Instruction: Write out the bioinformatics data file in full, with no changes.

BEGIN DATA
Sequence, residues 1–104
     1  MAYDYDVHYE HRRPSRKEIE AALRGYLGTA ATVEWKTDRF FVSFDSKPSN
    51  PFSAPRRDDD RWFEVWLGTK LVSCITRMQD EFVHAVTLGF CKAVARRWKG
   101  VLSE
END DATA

Sequence, residues 1–104
     1  MAYDYDVHYE HRRPSRKEIE AALRGYLGTA ATVEWKTDRF FVSFDSKPSN
    51  PFSAPRRDDD RWFEVWLGTK LVSCITRMQD EFVHAVTLGF CKAVARRWKG
   101  VLSE